Coffeehouse Thread

19 posts

Tips for building online communities?

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  • jsampsonPC

    Hey Everybody,

    I've just finished my 11th screencast, which was an intro to Classes and Objects in PHP5, over at www.SampsonResume.com. My AWSTATS indicates that I'm getting over 1200+ unique hits a month now, largely due to my screencasts I hope (I can't think of anything else worth viewing on my blog Smiley).

    I started a forum, www.sampsonresume.com/forums/, to give people a place to discuss the topics I cover, and even get more info in areas I didn't delve too deeply into.

    My question is this, how can I develop more of a community at www.sampsonresume.com and the forums secion? I have about six registered members as of now - about 3 days running.

    I really want to serve the community of aspiring-developers, but I am not 100% how to get their attention...any words of wisdom or advice for attracting the newbs of our time?

    Best Wishes,
    Jonathan Sampson

    PS
    I even thought about mooching off of the MySpace hype and doing a video on customizing your MySpace (even though I hate the site Tongue Out). I figured that would get ALOT of attention.

  • eagle
  • Angus

    jsampsonPC wrote:
    
    PS
    I even thought about mooching off of the MySpace hype and doing a video on customizing your MySpace (even though I hate the site ). I figured that would get ALOT of attention.


    That would be a good idea, I don't like MySpace either, but it would certainly get people listening, and thinking about getting into programming.

    To get people interested I would suggest doing a project in different parts, such as a forum script in PHP and MySQL; it would give people something to aim for, and a purpose for watching the videos.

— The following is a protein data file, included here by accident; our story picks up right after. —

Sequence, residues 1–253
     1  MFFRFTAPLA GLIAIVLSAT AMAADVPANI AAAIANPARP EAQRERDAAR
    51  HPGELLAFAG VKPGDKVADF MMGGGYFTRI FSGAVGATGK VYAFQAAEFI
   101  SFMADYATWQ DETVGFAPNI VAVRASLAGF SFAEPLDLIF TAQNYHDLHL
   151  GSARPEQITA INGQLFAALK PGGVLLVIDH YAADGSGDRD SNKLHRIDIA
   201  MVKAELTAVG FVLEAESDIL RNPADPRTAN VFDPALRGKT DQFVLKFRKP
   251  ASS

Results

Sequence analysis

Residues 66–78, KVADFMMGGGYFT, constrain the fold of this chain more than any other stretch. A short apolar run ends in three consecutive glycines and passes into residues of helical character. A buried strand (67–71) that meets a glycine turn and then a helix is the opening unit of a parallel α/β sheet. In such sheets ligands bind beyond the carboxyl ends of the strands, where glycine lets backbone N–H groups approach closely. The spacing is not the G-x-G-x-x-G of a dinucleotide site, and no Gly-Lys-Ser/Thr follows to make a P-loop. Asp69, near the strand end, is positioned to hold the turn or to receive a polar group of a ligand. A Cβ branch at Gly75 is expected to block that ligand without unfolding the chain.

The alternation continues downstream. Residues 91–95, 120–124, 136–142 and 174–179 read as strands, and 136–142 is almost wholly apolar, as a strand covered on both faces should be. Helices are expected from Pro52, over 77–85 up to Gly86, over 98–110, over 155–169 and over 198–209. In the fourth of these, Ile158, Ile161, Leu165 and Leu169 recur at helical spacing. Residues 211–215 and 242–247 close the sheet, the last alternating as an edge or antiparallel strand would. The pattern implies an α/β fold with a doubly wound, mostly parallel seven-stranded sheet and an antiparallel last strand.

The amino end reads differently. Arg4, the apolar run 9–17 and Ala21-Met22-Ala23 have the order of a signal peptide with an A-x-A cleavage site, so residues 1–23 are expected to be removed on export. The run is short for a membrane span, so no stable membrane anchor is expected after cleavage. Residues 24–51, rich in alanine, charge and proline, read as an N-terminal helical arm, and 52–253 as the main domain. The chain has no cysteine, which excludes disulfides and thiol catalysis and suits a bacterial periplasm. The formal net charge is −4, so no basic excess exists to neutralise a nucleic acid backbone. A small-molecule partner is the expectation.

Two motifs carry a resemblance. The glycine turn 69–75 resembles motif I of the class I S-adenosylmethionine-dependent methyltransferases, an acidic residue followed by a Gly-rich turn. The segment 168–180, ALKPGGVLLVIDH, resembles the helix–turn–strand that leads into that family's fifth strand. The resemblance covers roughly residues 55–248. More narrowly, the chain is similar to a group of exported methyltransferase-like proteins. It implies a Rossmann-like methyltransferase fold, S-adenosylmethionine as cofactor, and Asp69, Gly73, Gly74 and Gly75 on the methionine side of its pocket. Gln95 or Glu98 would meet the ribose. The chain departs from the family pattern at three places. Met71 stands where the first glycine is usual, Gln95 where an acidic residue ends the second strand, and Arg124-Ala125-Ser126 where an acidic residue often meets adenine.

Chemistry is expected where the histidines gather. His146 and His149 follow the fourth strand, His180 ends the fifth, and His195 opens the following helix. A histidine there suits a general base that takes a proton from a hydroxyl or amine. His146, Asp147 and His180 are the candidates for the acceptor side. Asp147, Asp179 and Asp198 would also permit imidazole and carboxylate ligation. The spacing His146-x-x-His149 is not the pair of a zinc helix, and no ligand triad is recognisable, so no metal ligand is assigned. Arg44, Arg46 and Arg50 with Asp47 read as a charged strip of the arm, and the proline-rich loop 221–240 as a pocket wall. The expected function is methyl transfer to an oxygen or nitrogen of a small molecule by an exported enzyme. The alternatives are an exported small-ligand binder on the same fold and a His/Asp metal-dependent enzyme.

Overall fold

Angus Higgins

  • jsampsonPC

    Angus wrote:
    
    jsampsonPC wrote:
    PS
    I even thought about mooching off of the MySpace hype and doing a video on customizing your MySpace (even though I hate the site ). I figured that would get ALOT of attention.


    That would be a good idea, I don't like MySpace either, but it would certainly get people listening, and thinking about getting into programming.

    To get people interested I would suggest doing a project in different parts, such as a forum script in PHP and MySQL; it would give people something to aim for, and a purpose for watching the videos.

    Angus Higgins


    Yeah, the idea has been suggested more than once, and I want to do it. The only thing is, I want to get individual videos up first, for people who are looking for answers in a specific area.

    I would hate having to search through 8 videos to find out specifics about private methods in a class...or how to store class state in a database.

  • Angus

    jsampsonPC wrote:
    
    Yeah, the idea has been suggested more than once, and I want to do it. The only thing is, I want to get individual videos up first, for people who are looking for answers in a specific area.

    I would hate having to search through 8 videos to find out specifics about private methods in a class...or how to store class state in a database.


    Yeah, get the basics done, I wish I had learned the basics in C#, and programming in general, as it gives you a very lacking knowledge if you go straight into things.